Community Forum followed for the next hour. Joining us were: Mike Bradley, Vice President, Healthcare Economics and Reimbursement for Baxter BioScience; Kisa Carter, director, Public Policy at HFA; Ruthlyn Noel, director of public policy, NHF; Mary Jane Berry, social worker at Georgetown University Hospital; and Jim Romano. The audience asked all sorts of questions related to health care reform. One mother asked what was the difference between annual caps and lifetime caps—great question. Another asked about physical therapy—would this be limited under the new reform? Someone in the back asked about whether in retaliation insurers would look to limited brand of factor access, or maybe limit homecare options? After all, someone has to pay for this and insurers will attempt to shift costs and expenses away from themselves. This stirred a lively debate for the hour.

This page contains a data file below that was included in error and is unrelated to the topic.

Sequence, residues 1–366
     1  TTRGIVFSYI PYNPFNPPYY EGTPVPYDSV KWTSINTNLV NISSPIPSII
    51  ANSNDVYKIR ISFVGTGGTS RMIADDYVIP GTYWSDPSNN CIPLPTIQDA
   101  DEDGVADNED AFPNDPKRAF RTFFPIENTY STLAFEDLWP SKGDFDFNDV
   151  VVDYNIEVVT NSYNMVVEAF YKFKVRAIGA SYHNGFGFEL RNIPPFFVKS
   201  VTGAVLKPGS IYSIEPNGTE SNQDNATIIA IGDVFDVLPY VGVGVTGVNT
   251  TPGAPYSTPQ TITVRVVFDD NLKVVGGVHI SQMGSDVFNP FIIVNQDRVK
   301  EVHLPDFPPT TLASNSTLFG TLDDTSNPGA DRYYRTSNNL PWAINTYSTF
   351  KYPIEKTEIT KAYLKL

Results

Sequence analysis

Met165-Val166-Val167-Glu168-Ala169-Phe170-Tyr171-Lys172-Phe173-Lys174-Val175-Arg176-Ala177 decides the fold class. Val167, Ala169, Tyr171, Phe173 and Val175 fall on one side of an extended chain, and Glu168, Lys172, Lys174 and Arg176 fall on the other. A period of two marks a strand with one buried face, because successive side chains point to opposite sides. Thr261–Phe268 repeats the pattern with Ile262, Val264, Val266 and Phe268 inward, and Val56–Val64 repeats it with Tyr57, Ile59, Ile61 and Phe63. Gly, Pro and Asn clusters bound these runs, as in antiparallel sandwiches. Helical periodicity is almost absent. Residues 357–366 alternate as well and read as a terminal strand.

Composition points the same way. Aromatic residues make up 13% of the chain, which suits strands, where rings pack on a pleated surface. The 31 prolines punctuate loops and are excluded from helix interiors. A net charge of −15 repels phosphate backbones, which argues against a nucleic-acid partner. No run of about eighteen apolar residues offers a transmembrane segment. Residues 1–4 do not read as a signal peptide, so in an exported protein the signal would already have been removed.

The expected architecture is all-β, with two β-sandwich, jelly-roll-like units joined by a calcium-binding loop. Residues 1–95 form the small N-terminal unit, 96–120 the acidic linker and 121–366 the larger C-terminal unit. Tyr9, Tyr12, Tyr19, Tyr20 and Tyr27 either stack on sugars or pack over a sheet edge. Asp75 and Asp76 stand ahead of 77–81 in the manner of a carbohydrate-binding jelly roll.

The questions gave the panel ideas for the next time we meet, which will be in 2011. We hope to bring six more Pulse On The Road events to various chapters.

We closed the meeting with a motivational talk by Andy Matthews, long time friend and colleague. He stressed the need for teens especially to get more involved in their healthcare insurance management, but also for everyone not to see hemophilia as anything but a gift, a gift that allows us to connect as people, a gift that allows us to put life in better perspective and to see that even the heath care concerns we have make us stronger, and better equipped for life’s challenges. And Andy would know, as his story is so compelling.

The overall message of the day? Keep reading and getting educated about insurance reform; never think that someone else will take care of you and inform you of any changes—you must proactively find out what changes are being made to your plan. And be grateful—no matter how worrisome the times may be, in America, we still have the best care on earth and remain the largest factor market. One thing we have more than anyone is factor, and people who are dedicated to keeping you informed about health care reform.

Thanks to Sandi Qualley and her team for allowing us to bring Pulse On The Road to her chapter; thanks to the speakers for sharing the day with us; and thanks to Baxter BioScience for funding this much-needed resource to our community.